French seed maker Vilmorin is to become the first international industry player with a direct presence in Vietnam through the acquisition of local firm Tropdicorp as part of its push into emerging markets.
The deal, announced on Wednesday, will take the world's fourth-biggest seed maker by sales into Vietnam's vegetable seed sector, where it hopes to tap into demand from a population of 90 million people whose household spending is rising as the economy is liberalized, Chief Executive Emmanuel Rougier said.
"With Vietnam we have a country that offers us dynamism for the future," he told reporters. "Three or four years ago our analysts hadn't identified it as a key market."
Tropdicorp, based in Ho Chi Minh City, had sales of $6 million in 2013 and is one of three firms that together account for nearly half of a vegetable seed market worth $45 million, Rougier said.
As the only operator to develop its own varieties locally, Tropdicorp would allow Vilmorin to expand its catalog of seeds for vegetables like bitter gourd, which widely eaten in Asia, he said.
Vilmorin earlier this year took a stake in Zimbabwe's Seed Co (SEED.ZI) and acquired Thailand-based Seed Asia, two deals focused on maize (corn).
"Even if it isn't spectacular yet in sales terms, we have laid the foundations for a much more international profile," Rougier said at a presentation of 2013/14 results.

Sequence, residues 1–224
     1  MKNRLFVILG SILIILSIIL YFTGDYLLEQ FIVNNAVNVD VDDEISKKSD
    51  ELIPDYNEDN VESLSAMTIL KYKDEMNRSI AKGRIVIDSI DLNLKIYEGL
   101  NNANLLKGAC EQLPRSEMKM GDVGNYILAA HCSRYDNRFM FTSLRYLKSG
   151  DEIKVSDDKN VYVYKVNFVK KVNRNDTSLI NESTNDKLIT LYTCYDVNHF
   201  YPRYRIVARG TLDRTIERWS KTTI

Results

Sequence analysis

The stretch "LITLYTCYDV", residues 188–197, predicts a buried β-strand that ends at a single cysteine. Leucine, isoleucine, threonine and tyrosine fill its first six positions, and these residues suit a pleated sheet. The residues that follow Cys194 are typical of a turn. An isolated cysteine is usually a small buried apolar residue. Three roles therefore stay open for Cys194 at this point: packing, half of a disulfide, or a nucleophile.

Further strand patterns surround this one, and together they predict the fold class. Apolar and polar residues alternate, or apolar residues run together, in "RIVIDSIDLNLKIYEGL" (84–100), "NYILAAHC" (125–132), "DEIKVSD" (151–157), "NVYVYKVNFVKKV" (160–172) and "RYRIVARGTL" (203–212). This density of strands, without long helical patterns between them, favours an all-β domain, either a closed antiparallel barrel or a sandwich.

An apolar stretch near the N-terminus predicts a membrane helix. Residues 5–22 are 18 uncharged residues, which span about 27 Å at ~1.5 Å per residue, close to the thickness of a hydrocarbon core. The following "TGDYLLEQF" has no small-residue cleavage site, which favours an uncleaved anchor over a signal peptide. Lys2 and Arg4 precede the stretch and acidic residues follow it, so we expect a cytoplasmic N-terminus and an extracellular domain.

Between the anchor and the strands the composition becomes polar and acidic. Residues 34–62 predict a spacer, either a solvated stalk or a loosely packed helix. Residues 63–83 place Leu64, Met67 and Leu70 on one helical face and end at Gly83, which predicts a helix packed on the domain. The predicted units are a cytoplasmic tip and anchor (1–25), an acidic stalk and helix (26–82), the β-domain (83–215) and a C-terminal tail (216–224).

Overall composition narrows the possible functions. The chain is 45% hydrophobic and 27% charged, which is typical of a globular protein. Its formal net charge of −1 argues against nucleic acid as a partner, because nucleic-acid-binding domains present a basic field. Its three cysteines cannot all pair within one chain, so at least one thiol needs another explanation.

In its financial year to June 30, Europe accounted for 53 percent of Vilmorin sales of 1.5 billion euros ($1.90 billion), the Americas 30 percent, Africa 9 percent and Asia-Pacific 8 percent.
In 2014/15, the group expects vegetable seeds to lead sales growth again as its crop seed division continues to face unfavorable conditions in grain markets, with the possibility low prices will lead U.S. farmers to plant less maize for the second year in a row, Rougier said.
A fall in the euro against the dollar in recent weeks was a favorable trend after broad strength in the euro contributed to a fall in Vilmorin's profit in 2013/14, he said.
But any positive impact would depend on the euro's fluctuations versus other currencies and on exchange rates later in the year when Vilmorin finalizes orders for its peak second-half sales period, he added.